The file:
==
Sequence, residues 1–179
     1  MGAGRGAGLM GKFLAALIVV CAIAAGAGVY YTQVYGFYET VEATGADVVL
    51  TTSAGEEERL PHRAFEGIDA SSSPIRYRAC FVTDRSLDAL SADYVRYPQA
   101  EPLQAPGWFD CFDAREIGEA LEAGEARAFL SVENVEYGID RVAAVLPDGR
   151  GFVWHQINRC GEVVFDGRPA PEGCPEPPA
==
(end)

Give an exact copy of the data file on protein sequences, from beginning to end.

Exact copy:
Sequence, residues 1–179
     1  MGAGRGAGLM GKFLAALIVV CAIAAGAGVY YTQVYGFYET VEATGADVVL
    51  TTSAGEEERL PHRAFEGIDA SSSPIRYRAC FVTDRSLDAL SADYVRYPQA
   101  EPLQAPGWFD CFDAREIGEA LEAGEARAFL SVENVEYGID RVAAVLPDGR
   151  GFVWHQINRC GEVVFDGRPA PEGCPEPPA